The Ignatian Solidarity Network will honor Sr. Helen Prejean, C.S.J., with the “Robert M. Holstein: Faith that Does Justice Award” on Tuesday, May 7th, at an award reception in New Orleans, Louisiana. (NOTE: Please note the date change due to Sr. Helen’s speaking schedule.)
The Robert M. Holstein “Faith that Does Justice Award” honors one individual nationally each year who has demonstrated a significant commitment to leadership for social justice grounded in the spirituality of St. Ignatius of Loyola, the founder of the Society of Jesus (Jesuits). The award’s namesake, the late Robert (Bob) M. Holstein, was a former California Province Jesuit, labor lawyer, fierce advocate for social justice, and one of the founders of the Ignatian Family Teach-In for Justice (IFTJ) – the precursor to the Ignatian Solidarity Network.
Sister Helen began her prison ministry in 1981 when she dedicated her life to the poor of New Orleans. Since then she has been committed to educating citizens about the death penalty and counseling individual death row prisoners. She has accompanied six men to their deaths. In 1994, Sister Helen turned her experiences into a book entitled Dead Man Walking: An Eyewitness Account of the Death Penalty, which held a spot on the New York Times Bestseller List for 31 weeks. Later the book was developed into a major motion picture starring Susan Sarandon as Sister Helen and Sean Penn as a death row inmate. The movie received four Oscar nominations including Tim Robbins for Best Director, Sean Penn for Best Actor, Susan Sarandon for Best Actress, and Bruce Springsteen’s “Dead Man Walkin” for Best Song. Sr. Helen’s second book, The Death of Innocents: An Eyewitness Account of Wrongful Executions, was published in December 2004 and describes her accompanying two men to their executions. She continues her work as a passionate storyteller on speaking tours nationwide and is presently working on her next book, River of Fire: My Spiritual Journey.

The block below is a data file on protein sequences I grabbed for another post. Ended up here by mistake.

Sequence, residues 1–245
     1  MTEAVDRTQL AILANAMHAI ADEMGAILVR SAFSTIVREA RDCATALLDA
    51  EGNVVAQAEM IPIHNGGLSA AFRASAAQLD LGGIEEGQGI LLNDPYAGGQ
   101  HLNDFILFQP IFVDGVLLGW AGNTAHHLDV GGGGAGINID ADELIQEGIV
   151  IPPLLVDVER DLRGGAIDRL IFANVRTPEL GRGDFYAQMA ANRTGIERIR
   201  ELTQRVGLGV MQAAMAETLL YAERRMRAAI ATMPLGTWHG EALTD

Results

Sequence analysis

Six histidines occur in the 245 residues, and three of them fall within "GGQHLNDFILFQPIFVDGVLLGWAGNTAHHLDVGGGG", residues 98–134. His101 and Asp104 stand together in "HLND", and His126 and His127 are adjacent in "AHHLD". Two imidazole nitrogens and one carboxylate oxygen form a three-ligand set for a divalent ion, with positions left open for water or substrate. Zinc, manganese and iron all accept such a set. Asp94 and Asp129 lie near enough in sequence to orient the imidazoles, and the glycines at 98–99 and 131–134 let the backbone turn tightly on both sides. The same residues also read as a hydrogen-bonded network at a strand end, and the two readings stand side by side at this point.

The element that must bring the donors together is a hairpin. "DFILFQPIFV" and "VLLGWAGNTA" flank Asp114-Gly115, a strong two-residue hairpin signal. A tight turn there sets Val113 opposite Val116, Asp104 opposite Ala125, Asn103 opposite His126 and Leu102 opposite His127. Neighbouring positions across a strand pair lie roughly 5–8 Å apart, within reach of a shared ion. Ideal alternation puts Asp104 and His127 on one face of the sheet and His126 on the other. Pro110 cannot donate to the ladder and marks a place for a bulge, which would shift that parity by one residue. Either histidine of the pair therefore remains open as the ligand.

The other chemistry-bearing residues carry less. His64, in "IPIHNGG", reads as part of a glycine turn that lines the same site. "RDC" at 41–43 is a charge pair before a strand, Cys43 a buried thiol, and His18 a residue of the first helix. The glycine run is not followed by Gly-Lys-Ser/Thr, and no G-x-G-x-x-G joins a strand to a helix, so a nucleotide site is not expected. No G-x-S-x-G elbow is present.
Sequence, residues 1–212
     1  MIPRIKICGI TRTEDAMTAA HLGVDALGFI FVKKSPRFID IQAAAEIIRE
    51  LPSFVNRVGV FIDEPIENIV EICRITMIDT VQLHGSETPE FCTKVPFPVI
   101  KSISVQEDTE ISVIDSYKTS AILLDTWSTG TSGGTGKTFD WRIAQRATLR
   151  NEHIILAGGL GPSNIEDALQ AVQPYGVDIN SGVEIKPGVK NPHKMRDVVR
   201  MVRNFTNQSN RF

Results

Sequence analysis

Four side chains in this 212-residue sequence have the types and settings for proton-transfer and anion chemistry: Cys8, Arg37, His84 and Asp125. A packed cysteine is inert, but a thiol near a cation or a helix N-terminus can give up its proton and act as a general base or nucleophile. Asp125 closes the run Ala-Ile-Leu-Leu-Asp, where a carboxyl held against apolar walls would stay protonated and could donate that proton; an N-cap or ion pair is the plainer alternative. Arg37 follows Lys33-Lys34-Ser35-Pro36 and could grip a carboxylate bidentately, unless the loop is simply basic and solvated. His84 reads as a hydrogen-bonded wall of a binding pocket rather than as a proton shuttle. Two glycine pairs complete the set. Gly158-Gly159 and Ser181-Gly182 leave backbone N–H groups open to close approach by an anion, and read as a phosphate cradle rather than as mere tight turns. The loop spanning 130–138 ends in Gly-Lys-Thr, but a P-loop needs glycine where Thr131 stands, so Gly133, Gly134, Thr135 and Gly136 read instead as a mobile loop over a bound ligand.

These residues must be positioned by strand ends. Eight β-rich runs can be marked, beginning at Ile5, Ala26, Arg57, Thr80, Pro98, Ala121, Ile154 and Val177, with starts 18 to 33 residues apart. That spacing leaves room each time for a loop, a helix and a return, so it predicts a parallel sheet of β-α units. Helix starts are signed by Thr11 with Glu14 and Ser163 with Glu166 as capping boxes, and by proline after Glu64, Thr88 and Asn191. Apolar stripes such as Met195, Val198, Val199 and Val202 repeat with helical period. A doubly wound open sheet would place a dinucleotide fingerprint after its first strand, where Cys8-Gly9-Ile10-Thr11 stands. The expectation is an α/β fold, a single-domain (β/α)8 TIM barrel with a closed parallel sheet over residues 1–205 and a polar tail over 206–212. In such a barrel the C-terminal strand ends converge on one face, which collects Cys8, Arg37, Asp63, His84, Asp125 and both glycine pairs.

Sr. Prejean initially connected with the Ignatian Solidarity Network by speaking to thousands of young people at their annual event, the Ignatian Family Teach-In for Justice in 2003. At that event she formally introduced the Dead Man Walking School Theater Project, and consequently Jesuit high schools were some of the first institutions in the U.S. to perform the play.
[gn_quote style="1"]“I saw the suffering and I let myself feel it… I saw the injustice and was compelled to do something about it. I changed from being a nun who only prayed for the suffering world to a woman with my sleeves rolled up, living my prayer.” [/gn_quote]
The previous “Robert M. Holstein: Faith that Does Justice Award” award winners are:
2009 – Rev. Charlie Currie, S.J., Former President, Association of Jesuit Colleges & Universities
2010 – Rev. Steven Privett, S.J., President, University of San Francisco
2012 – Rev. Donald MacMillan, S.J., Campus Minister, Boston College
** No award was presented in 2011
The Ignatian Solidarity Network (ISN) promotes leadership and advocacy among students, alumni, and other emerging leaders from Jesuit schools, parishes, and ministries by educating its members on social justice issues; by mobilizing a national network to address those issues; and by encouraging a life-long commitment to the “service of faith and the promotion of justice.” ISN is an independent 501c3 non-profit organization. Additional information can be found at: www.ignatiansolidarity.net